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Developing countries have encountered many economic crises since the 1980s, due mainly to structural problems related to their integration into the global economy. The Turkish economy is by no means an exception, and suffered significantly from the crises of 1994, 2001 and 2008-09. This paper investigates the tales of these three crises to shed light on the propagation mechanisms of crises and their implications for developing countries, given the Turkish experience. Our study is aiming at complementing existing studies by giving a very broad comparative picture of the main macroeconomic trends before and after the crises at the expense of ignoring many important details explained in other studies. This comparison can be also useful for understanding possible (and under current conditions highly unavoidable) implications of current developments in Turkish economy. Although there are many differences in the emergence of recent crises in Turkey, significant similarities can be found between the 1994 and 2001 crises. The crisis of 2008-09 can be considered exceptional in many aspects. The first two episodes were deemed to be mostly finance-led and finance-driven, with repercussions on the real sectors thereafter; but the 2008-09 crisis was a fully-fledged real sector crisis from the beginning, amid a direct collapse in employment and real economic productivity.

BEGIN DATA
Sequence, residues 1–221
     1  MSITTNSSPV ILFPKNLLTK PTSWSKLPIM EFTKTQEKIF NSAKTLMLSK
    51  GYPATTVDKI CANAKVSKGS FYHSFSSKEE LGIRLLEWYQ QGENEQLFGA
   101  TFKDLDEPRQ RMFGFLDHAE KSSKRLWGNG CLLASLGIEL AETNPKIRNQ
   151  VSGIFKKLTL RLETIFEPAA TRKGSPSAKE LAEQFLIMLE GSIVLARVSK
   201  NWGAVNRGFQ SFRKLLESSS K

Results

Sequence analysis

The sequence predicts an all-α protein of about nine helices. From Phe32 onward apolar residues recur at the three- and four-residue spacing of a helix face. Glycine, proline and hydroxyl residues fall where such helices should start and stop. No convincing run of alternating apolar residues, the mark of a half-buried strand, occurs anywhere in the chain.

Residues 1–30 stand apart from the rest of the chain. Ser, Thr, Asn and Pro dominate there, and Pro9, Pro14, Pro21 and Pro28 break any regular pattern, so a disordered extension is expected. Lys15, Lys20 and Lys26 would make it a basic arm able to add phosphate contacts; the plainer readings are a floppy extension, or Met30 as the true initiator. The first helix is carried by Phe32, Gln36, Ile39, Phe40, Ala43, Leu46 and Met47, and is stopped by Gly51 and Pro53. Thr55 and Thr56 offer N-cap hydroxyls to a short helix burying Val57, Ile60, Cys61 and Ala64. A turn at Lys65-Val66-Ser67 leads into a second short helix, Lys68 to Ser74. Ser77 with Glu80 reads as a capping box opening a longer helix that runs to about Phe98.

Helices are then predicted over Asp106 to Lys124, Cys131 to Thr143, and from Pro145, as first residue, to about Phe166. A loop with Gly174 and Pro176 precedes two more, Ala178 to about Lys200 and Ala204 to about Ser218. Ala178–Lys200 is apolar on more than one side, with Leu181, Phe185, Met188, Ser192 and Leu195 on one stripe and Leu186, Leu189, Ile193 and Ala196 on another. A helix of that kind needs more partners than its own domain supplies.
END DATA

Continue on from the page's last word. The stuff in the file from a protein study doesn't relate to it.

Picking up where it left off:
Puzzling out the Feldstein-Horioka Paradox for Turkey by a Time-Varying Parameter Approach

Dilem Yıldırım and Onur Koska